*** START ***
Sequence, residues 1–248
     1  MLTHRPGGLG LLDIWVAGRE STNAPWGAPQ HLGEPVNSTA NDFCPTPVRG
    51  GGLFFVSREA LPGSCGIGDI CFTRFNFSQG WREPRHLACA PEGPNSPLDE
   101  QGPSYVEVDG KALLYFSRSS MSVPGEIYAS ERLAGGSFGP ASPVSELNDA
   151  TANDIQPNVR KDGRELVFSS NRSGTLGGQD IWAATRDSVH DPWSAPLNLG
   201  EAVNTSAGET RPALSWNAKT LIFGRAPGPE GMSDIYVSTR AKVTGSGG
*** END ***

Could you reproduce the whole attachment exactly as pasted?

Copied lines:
Sequence, residues 1–248
     1  MLTHRPGGLG LLDIWVAGRE STNAPWGAPQ HLGEPVNSTA NDFCPTPVRG
    51  GGLFFVSREA LPGSCGIGDI CFTRFNFSQG WREPRHLACA PEGPNSPLDE
   101  QGPSYVEVDG KALLYFSRSS MSVPGEIYAS ERLAGGSFGP ASPVSELNDA
   151  TANDIQPNVR KDGRELVFSS NRSGTLGGQD IWAATRDSVH DPWSAPLNLG
   201  EAVNTSAGET RPALSWNAKT LIFGRAPGPE GMSDIYVSTR AKVTGSGG